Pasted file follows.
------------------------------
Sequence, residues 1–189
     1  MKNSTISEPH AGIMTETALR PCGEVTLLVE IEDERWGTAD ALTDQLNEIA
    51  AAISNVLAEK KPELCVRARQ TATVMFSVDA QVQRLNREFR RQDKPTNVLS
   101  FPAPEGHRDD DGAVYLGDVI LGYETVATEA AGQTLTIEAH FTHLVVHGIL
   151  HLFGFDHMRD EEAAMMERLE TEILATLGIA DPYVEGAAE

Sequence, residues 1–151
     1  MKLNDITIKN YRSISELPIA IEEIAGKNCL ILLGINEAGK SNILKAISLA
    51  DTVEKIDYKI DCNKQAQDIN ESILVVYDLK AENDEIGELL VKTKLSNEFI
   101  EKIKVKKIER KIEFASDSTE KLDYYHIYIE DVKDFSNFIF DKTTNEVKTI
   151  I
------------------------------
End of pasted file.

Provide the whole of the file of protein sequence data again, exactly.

Sequence, residues 1–189
     1  MKNSTISEPH AGIMTETALR PCGEVTLLVE IEDERWGTAD ALTDQLNEIA
    51  AAISNVLAEK KPELCVRARQ TATVMFSVDA QVQRLNREFR RQDKPTNVLS
   101  FPAPEGHRDD DGAVYLGDVI LGYETVATEA AGQTLTIEAH FTHLVVHGIL
   151  HLFGFDHMRD EEAAMMERLE TEILATLGIA DPYVEGAAE

Sequence, residues 1–151
     1  MKLNDITIKN YRSISELPIA IEEIAGKNCL ILLGINEAGK SNILKAISLA
    51  DTVEKIDYKI DCNKQAQDIN ESILVVYDLK AENDEIGELL VKTKLSNEFI
   101  EKIKVKKIER KIEFASDSTE KLDYYHIYIE DVKDFSNFIF DKTTNEVKTI
   151  I